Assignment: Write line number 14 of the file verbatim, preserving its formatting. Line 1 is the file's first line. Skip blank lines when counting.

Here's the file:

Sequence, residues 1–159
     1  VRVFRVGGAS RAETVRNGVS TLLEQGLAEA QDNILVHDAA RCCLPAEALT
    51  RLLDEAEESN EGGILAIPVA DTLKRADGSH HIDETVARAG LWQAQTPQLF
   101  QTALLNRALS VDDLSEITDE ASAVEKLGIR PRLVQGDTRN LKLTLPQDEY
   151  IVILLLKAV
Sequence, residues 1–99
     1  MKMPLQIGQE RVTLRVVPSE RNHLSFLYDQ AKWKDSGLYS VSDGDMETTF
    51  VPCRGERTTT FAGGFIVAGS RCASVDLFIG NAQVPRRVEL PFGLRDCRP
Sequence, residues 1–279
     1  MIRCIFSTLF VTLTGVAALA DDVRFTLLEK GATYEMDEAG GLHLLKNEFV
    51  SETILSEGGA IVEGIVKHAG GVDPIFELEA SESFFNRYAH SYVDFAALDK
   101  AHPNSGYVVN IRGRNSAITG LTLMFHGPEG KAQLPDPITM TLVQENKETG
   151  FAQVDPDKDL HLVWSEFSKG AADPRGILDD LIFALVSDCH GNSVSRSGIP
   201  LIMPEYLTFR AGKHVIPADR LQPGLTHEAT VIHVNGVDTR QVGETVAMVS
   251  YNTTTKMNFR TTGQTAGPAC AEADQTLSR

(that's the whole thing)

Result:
   201  LIMPEYLTFR AGKHVIPADR LQPGLTHEAT VIHVNGVDTR QVGETVAMVS